Yes The configuration that you are planning for 1x 960GB Cache with 5x 1.92TB capacity looks good . Please make sure you understand the type of workload you are about to run and make choice on the CLASS of drive matters . We have drive class from Class-A (30000 IOPS) capability to Class-F (100,000 IOPS) Capability , also the protocol 3D-xPoint , NVMe , SAS ..etc . Make sure you choose the right hardware for the types of application you are about to run .
Example : You can have all NVMe Setup , NVMe Cache with SAS capacity setup , all SAS setup , NVMe Cache with Sata capacity etc .
Hareesh K G
First of all, thanks for the reply.
The idea is to mount nvme for cache disks and mixed use sas for capacity disks.
Another question do I necessarily need the enterprise license for this config? I don't need to activate compression and dedup.
The configuration would be as follows:
2 nodes in one room and another 2 in a different one, with a third quorum room. The distance between both rooms does not exceed 100 meters but I need fault tolerance of a complete room
Based on your configuration, it will be a stretched cluster. and as per the below you need the enterprise license:
and for more info please find the VSAN license guide: https://www.vmware.com/content/dam/digitalmarketing/vmware/en/pdf/products/vsan/vmware-vsan-66-licensing-guide.pdf
While the configuration you outlined is okay, whether it is optimal (or adequate) for the workload intended to run on it is another story. A couple of things to note would be that the max that will actually actively be used for Write-cache in an All-Flash configuration is 600GB per Disk-Group - anything more than that is used for extending the lifespan of the device, if you are using modern NVMe (e.g. P4800x) these have an incredibly high TBW anyway so I wouldn't consider spending the extra money on a 960GB over a 600GB model offering much benefit.
What would almost certainly benefit more would be buying 2 cache-tier devices (e.g. 2x400GB or 2x600GB) and configuring 2 smaller Disk-Groups instead of one large one - note that the recommendations in the article above are based on 2x Disk-Groups as this outperforms a single Disk-group of equivalent size and cache:capacity ratio. Going with 2 Disk-Groups may also allow for ease of expansion at a later point. Do note as my colleague Hareesh mentioned, do pay attention to device stats, there can be a massive difference in performance between devices which are both "NVMe" or "SSD", this is merely a device format and doesn't automatically indicate the performance capabilities (and what type of workload it is optimised for), e.g. better HDDs may outperform lower-end SSDs and higher-end SSDs may outperform lower-end NVMe etc.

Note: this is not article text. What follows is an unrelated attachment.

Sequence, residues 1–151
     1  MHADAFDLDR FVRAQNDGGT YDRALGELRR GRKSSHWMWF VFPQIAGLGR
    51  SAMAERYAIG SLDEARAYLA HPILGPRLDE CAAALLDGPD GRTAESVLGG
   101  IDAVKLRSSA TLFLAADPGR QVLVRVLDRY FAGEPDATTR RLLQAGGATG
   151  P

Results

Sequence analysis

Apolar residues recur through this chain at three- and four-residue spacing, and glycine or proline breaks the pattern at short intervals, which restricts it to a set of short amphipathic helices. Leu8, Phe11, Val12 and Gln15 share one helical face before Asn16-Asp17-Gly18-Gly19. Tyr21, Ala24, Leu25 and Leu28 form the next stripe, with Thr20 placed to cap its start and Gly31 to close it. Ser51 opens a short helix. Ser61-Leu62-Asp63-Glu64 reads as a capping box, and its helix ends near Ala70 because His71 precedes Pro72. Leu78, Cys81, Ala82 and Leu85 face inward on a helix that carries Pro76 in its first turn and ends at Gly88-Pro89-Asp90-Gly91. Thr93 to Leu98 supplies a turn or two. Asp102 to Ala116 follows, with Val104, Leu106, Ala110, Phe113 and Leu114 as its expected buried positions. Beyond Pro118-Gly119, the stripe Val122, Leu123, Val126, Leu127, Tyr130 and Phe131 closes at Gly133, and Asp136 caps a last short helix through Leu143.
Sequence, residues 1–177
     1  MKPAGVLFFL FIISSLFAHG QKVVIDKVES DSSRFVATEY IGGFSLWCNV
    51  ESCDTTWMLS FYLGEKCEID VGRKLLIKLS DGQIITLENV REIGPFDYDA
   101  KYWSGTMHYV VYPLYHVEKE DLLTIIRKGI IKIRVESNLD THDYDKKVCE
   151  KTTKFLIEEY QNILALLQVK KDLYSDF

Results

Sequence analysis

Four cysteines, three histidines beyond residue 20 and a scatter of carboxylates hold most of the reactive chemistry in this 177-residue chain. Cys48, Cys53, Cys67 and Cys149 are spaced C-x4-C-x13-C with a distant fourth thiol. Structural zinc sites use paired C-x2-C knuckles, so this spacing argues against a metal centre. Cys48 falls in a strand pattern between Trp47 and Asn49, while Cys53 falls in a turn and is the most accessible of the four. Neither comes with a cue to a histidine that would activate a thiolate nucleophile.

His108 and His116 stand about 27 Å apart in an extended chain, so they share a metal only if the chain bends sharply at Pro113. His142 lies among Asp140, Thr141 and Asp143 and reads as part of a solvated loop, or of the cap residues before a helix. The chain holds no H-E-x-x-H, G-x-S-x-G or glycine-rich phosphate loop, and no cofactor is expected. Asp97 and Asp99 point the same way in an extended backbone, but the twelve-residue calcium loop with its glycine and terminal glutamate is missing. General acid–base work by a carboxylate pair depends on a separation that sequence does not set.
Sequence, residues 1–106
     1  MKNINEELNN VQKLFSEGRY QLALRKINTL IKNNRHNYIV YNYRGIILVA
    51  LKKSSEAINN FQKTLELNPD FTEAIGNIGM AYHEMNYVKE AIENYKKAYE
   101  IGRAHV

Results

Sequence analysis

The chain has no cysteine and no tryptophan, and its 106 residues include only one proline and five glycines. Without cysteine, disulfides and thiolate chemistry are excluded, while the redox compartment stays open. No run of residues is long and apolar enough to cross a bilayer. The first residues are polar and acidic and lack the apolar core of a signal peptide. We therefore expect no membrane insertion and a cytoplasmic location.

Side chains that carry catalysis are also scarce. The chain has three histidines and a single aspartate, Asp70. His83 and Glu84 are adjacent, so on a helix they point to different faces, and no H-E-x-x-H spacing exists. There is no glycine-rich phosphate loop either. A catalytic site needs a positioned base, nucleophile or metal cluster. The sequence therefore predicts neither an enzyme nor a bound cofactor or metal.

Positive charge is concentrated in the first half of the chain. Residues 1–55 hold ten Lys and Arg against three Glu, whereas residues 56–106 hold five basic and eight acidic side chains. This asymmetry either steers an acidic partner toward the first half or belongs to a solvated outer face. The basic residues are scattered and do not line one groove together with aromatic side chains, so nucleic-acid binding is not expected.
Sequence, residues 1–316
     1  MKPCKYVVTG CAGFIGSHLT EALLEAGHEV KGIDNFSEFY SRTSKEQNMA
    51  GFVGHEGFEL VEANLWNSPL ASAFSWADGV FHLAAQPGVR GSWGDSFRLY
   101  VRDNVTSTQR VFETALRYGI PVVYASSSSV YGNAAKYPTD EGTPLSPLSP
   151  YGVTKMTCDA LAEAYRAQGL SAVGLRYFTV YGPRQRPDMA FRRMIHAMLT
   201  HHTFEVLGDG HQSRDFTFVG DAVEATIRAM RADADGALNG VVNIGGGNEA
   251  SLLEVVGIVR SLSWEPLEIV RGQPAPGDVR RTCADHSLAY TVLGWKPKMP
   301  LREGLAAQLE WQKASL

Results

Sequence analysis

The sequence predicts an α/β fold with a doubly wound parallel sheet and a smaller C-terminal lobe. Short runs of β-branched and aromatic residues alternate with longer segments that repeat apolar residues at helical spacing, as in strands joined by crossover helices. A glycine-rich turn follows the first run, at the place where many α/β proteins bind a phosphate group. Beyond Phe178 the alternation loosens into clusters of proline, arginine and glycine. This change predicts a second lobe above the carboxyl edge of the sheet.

If you want to configure a 2+2+1 cluster you will need Enterprise vSAN licensing regardless of whether they are 100 metres or 100km from one another.
thanks for the reply In case of using a configuration of two vsan cluster 1 + 1 + 1 and 1 + 1 + 1; being one of them all flas and another hybrid. (for saving the project) could you use the standard licenses for this design? regards
As per the licensing documentation Standard license should be fine (whether properly stretched across sites or in same building):
Scenario 13: 1 host + 1 host+ witness (2-node cluster) across 3 rooms in the same building with maximum 25 VMs This scenario requires either 1 vSAN STD for ROBO (per-VM 25-pack) or 4 vSAN STD per CPU licenses.
Scenario 14: 1 host + 1 host + witness (2-node cluster) across physical sites with maximum 25 VMs This scenario requires either 1 vSAN STD for ROBO (per-VM 25-pack) or 4 vSAN STD per CPU licenses. Customer does not require ENT licenses for a 2-node cluster stretched across 2 physical site.